But fit if it’s nae the mannies’ wyte? It micht hae somethin tae dee wi wir leid. It is Germanic. A’v aye winnert if A cuid be sweipit aff ma feet be a mannie soughin “Ich leibe dich” inno ma lug. Ye’d be ower splootert wi slaivers tae be enamoured be yon!
Haud oan though, A’m nae gaun doon the road o “we dinnae hae the wirds.” We maun hae them – Scots is a leid same’s oany ither. A wis fair chuffed tae see “wurds fir love” onno a Facebook Doric page nae sae lang syne. Hooiver, gie quick-like it aa descendit intae mair fairm-yaird nor boudoir. Noo dinnae gang an try an find it – it wid gaur yer hair curl. Thir’s mair romance aboot William Morrice Wilson’s Spick Aboot …Coortin. Or is there? “It’s Scotch love – aye fechtin”? disnae soond lik love tae me.
Mibbes we hiv forgotten the wirds, like sae monie ithers, fir lack o yaisin them. Mair practise is fit we are needin.
An Richt eneuch, it taks twa tae tango. A’m nae sae sure A’m fit oany Romeo wid luik fir. The ae time ma man did come in the door wi flooers A speirt, “Fit hiv ye deen?” in a wye that wid brak oany lichtbulb o romantic thocht in ae heirtbeat. An birslt cotton is mair eese in Scotland in February than satin is ivver gaun tae be.
Aye, romance is nae deid… it’s jist cooried doon tae bide cosie throwe the cauld.

Burns is By…

Weel, at’s Burns Nicht by wi for anither ‘ear. Tae say A hiv a mixter-maxter o feelins wid nae be wrang. Burns maks ma prood tae be a Scot. He is kent an mindit the warld ower. He wis far aheed o his time in mony wyes an his themes are aye relevant the day. He scrieved things that will aye be mindit, makin the Scots leid, aye an the English ane tae, dee bonnie, unco things. Like a mannie capin sheep, he cuid gaur wirds dee fitiver he wintit.

Maist ivvry bairn in the country his been “deein Scots” ower the heids o Burns. Richt eneuch – it’s oor birth-richt. Bit…foo mony o them his learnt a poem wi nae understaundin o context or meanin? (There’s monies the adult fa cannae staun Burns fay sic an experience.) Foo mony o them willnae spik anither word o Scots until neist January, faan it is time tae wheech Burns oot again? Foo mony o them will think Scots dee’t wi Burns an isnae really pairt o their daily day?

It wid be afa fine if ilka bairn cuid leave the schuil kennin fit Auld Lang Syne means, an foo tae sing the wirds the richt gate. Mair fine still if they cuid yaise the leid an mak it boo til their needs, withoot bein feart or afrontit.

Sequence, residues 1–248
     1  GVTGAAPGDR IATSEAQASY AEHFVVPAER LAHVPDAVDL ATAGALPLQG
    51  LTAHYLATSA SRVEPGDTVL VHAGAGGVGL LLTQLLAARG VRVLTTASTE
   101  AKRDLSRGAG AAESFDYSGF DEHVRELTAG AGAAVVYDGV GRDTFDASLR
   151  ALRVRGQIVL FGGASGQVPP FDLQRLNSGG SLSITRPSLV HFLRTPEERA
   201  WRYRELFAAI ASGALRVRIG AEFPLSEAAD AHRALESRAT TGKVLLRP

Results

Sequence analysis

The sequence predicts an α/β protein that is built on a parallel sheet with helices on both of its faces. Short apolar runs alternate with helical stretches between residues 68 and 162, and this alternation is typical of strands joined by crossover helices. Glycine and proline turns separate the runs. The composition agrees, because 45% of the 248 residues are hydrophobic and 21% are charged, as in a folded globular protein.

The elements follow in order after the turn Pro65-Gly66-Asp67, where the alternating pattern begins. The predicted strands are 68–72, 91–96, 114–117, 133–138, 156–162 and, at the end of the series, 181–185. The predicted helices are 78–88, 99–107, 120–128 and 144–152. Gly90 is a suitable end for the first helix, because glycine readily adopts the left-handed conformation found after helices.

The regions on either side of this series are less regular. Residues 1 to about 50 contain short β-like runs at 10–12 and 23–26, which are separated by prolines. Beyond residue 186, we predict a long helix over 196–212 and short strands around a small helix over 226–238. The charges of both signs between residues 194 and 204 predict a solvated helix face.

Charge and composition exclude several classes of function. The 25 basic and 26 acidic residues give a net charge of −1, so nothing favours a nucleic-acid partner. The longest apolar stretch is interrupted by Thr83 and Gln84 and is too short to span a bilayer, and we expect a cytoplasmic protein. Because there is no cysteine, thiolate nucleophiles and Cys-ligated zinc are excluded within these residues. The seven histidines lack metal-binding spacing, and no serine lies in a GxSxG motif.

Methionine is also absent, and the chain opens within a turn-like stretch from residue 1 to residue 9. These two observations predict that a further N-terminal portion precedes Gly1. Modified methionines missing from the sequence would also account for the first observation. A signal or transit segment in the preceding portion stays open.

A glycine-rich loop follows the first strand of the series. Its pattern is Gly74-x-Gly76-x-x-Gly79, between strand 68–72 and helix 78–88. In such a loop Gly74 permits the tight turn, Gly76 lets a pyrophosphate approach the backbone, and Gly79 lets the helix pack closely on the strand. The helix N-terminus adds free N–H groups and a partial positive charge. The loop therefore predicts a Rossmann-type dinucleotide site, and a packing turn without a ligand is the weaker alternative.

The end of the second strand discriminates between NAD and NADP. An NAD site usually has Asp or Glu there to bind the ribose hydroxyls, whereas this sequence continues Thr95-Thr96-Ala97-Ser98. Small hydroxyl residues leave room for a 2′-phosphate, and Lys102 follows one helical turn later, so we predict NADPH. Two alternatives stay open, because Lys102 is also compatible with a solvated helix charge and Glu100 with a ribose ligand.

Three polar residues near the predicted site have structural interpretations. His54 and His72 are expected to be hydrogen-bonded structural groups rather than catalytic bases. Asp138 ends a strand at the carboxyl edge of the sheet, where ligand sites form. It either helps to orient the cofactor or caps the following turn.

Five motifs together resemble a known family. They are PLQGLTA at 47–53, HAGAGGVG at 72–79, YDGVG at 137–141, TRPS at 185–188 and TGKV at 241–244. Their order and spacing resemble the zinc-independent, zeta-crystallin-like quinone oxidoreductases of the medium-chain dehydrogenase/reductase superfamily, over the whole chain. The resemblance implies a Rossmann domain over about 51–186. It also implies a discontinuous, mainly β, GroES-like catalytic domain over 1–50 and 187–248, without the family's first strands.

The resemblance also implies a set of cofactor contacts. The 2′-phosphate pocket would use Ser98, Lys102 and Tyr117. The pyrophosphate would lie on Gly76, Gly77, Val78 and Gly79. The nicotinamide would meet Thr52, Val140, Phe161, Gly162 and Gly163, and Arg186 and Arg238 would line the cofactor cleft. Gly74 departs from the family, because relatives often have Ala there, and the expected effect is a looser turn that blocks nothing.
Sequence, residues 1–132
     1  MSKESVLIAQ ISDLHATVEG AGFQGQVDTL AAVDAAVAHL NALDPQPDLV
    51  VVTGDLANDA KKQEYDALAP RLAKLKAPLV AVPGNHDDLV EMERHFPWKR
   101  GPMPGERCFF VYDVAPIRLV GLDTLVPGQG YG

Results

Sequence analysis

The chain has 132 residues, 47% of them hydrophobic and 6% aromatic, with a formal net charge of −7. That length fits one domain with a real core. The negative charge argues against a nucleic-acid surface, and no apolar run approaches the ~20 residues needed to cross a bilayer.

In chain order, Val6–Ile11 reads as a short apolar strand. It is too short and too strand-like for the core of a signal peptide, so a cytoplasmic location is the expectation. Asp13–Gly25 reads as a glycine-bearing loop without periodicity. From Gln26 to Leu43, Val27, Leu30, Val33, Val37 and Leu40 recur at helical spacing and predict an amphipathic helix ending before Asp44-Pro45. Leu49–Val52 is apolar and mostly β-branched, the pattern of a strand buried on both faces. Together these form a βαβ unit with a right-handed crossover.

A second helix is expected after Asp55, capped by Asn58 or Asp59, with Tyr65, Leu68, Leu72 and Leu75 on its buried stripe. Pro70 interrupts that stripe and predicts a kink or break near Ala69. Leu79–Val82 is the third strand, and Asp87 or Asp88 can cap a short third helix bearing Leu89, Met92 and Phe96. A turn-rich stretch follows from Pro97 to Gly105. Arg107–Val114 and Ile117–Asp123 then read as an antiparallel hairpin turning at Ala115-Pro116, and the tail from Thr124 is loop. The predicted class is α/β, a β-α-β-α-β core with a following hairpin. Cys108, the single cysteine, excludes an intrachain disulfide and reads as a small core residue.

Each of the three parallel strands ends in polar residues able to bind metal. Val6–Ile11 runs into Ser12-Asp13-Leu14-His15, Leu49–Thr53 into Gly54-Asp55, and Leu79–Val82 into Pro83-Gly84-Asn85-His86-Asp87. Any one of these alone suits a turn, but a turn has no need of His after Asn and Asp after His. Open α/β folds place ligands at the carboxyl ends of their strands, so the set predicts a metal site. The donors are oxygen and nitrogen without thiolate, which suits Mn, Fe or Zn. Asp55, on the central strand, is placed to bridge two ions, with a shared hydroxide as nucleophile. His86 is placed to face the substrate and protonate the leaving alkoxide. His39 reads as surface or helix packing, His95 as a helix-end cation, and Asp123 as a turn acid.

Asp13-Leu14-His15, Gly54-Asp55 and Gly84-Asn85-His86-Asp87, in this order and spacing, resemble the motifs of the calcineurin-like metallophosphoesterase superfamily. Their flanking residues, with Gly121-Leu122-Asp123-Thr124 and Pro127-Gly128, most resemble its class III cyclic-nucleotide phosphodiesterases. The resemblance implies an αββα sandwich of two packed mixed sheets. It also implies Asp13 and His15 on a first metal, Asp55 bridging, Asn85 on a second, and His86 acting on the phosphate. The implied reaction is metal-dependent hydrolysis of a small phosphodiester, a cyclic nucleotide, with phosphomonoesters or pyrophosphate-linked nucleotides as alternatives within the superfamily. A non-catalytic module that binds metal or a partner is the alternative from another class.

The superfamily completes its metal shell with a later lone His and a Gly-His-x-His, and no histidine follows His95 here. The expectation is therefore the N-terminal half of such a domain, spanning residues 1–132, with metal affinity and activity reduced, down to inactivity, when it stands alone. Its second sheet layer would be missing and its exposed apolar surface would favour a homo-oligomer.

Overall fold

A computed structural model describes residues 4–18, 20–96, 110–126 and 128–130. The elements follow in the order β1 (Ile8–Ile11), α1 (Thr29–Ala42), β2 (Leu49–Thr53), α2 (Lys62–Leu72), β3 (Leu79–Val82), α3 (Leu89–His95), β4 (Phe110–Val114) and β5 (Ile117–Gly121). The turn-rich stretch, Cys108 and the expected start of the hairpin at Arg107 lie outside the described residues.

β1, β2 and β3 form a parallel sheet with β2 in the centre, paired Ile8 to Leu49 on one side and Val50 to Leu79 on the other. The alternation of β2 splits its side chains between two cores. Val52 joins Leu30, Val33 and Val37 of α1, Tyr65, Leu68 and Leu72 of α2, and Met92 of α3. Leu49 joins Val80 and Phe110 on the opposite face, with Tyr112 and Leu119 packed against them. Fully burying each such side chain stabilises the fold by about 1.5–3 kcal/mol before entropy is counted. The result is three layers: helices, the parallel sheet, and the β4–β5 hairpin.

There’s them thit hiv Burns haised up abeen mortal men an cannae see by him. Fit wid Burns dee gin he were alive ayenoo? He wid be scrievin for bairns as weel as growen ups – there’s a mairket for thon noo thit didnae exist in his day. He wid be yaisin words like “council telly” and scrievin aboot female ordination, nuclear wappons an the state o the roads. He wid wint Scots tae be a livin, sonsie leid, for ilka pairt o wir lives – nae jist for poetry.

I winner tae fit he’d mak o the microwaveable haggis. It’s nae the same, addressin the cauld, shrunklt, peelie-wally puddin afore ye skin it tae haet it in the “pie haeter”. Bit fan there is jist the twa o yese in the hoose (forby the pussy bawdrons, fa disnae get haggis bar a snuff), it maks life mair than a thochtie easier. Aye Burns wid haud wi that an aw. Tae see the common man (or wifie) a sicht less trauchled wid faa richt intil his barra, A’m sure.

Time wis, as a student, A telt ma Irish freen tae gang ontae Union Street an speir atony passin wise-like wifie faar tae buy a haggis. The een A’d gaed her cam fae the best butcher in Macduff – best for haggis. The auld dear she speirit fairly proved her worth: she telt her the butcher ower the wye wis guid for maist things, but for haggis she shid gang roon an ben til anither een aathegither. For nae ivvry haggis is created equal. The advice wis guid, an ma pal’s mammie fair enjoyed the pudding faan she tried it.

Thon days is lang by. For there’s nae ae butcher in Macduff noo, niver mind ane faa’s better than anither. An ivery supermairket his guid eneuch haggis noo – like faist food, the same in ilka toon.

So the ‘ear’s mairchin awa. We hiv nae hope bit tae mairch wi it or we’ll be tracked intil the stoor an dubs forby. An the warld gangs roon an Burns is mindit. Bit mine iss – Scots is fir ilka day, nae jist for Burns nicht. It’s time is comin yet, for aa that!